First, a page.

place this under a bed, couch, sink cabinet... shroud/duct so the fans blow air out onto the floor- heat rises - on or near where people are likely to be sitting/standing. the air intake if at all possible should be sucked from the ceiling, that way heats air that is already somewhat heated. Yes I think it could go under the floor, the air inlet and outlet should be ducted so that all air is coming and going from the bus interior. the cover to protect the heater should be well insulated,, 4" of foam on all sides exposed to the out side air. you can make you own intake and exhaust grill by simply drilling holes in the floor. think about it and put a filter on the intake side of the duct. think about square inches of the holes you drill to make certain you have enough air flow. Think about how to remove covers, and heater stuff for repair and maintenance.

I bet there is space between the driveshaft and frame rail if you are running a front engine beast. build a cardboard box the size of the unit, crawl under and look around, keep in mind how big it has to be with ducts and insulation.

ducted poorly will not have enough air being moved, or air by pass, air getting blown out and right back in the inlet... not much going to heat surrounding area.

hope this helps.

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Old 06-21-2018, 05:18 AM   #6
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You can go to Jegs and find 4 different sizes for under $200 a piece. They take up a lot less room, use a smaller diameter line, and can be built into walls, couches, etc. My interior is only about 27 feet so I removed both heaters and am replacing with one 40k btu unit.
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Old 06-21-2018, 08:14 AM   #7
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you can mount those under the bus, but you need to duct the intake as well as the discharge... the temperature rise on those is not that high maybe 90 degrees or so on high speed.. so if you take in 10 degree air outside you get maybe 100 out of it.. thats not going to heat you much... your dash heaters only take in a small porttion of outside air even in full open position. I would not destroy or remove the dash heaters... you'll want those for sure .. though id definitely disassemble them and clean them up / rebuild them. so they work good. you can also install a much smaller rear heater then whats there if you are insulating your bus, it wont take much to keep the back warm. my red bus has a small underseat heater. and in super cold weather with just stock insulation it keeps the back of the bus nice N warm. with real insulation that heater could easily keep a much bigger bus warm.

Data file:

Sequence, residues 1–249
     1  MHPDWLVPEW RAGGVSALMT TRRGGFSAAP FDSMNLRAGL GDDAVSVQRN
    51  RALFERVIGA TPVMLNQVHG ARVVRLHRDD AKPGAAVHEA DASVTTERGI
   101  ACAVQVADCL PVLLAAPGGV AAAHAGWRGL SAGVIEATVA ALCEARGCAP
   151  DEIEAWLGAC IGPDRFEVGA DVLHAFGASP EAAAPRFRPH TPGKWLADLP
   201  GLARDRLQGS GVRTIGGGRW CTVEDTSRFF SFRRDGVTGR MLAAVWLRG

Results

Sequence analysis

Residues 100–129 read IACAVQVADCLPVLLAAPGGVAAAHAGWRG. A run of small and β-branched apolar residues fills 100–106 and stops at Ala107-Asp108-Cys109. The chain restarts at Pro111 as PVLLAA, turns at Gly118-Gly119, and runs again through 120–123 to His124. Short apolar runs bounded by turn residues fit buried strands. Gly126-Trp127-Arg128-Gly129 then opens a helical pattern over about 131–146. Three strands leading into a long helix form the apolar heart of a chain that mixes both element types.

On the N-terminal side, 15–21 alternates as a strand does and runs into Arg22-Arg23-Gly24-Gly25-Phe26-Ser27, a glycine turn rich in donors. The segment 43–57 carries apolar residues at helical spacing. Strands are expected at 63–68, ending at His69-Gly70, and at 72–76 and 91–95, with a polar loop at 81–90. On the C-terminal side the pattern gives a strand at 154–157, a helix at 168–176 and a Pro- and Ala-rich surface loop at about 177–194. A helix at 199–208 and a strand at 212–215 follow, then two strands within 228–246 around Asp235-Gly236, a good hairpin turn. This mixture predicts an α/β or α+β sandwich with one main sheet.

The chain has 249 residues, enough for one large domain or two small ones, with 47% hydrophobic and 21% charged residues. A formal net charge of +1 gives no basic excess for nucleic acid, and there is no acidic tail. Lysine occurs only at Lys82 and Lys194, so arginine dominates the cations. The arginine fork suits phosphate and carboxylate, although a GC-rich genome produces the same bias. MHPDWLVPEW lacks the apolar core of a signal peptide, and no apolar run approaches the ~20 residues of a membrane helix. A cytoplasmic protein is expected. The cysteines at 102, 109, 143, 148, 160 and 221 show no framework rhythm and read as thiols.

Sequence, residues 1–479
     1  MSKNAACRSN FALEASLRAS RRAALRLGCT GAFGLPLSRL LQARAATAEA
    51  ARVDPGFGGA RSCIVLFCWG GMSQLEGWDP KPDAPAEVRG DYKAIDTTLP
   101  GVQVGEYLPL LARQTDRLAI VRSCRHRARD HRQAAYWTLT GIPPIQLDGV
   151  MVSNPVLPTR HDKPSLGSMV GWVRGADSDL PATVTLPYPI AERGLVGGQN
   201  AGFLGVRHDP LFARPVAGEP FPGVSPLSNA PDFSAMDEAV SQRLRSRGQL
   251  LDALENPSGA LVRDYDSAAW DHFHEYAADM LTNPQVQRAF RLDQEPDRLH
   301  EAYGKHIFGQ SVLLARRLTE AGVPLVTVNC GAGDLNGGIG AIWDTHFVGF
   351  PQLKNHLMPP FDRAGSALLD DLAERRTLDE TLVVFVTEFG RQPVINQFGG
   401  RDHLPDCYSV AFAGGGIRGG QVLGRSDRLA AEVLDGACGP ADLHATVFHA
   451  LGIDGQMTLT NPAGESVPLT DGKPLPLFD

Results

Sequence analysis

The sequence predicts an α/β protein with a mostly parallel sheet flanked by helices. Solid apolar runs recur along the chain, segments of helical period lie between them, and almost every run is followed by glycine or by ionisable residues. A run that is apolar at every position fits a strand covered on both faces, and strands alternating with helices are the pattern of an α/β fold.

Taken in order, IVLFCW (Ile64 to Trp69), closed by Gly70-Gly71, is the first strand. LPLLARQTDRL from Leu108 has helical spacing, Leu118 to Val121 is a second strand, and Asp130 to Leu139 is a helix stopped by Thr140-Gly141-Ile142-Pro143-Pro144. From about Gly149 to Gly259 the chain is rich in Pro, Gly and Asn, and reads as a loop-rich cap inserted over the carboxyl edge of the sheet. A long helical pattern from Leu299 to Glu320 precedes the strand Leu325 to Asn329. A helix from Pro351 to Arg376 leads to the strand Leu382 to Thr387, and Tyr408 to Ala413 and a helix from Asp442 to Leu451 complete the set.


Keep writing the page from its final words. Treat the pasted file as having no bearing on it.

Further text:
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Old 06-21-2018, 11:04 AM   #8
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Quote:
Originally Posted by Ninjakitty View Post
You can go to Jegs and find 4 different sizes for under $200 a piece. They take up a lot less room, use a smaller diameter line, and can be built into walls, couches, etc. My interior is only about 27 feet so I removed both heaters and am replacing with one 40k btu unit.
+1 on the Jeg's heaters.

The unit on the left is 28K BTU; the unit on the right is the 40K BTU unit. I will be running two of the 28K units in the back of the bus, and the 40K unit will replace the driver heater/defrost unit...
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Old 06-21-2018, 11:10 AM   #9
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For those that are keeping the rear heater, what did you do with the hoses? Did you replace the hose that came with the bus? If so, what did you use? How did you protect it? Any worries about leaking?

I wouldn't mind keeping a heater in back, but didn't want to risk hiding the hose behind a wall all the way back there.
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Old 06-21-2018, 11:19 AM   #10
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The Jegs units are nice, but it's the difference between $400-$800 over using an existing set up for free. If, like Chris says, there's only a 10 rise in temp it doesn't sound like they are efficient enough to through all the mounting issues. oredigger, some builders run the fluid lines underneath along a frame rail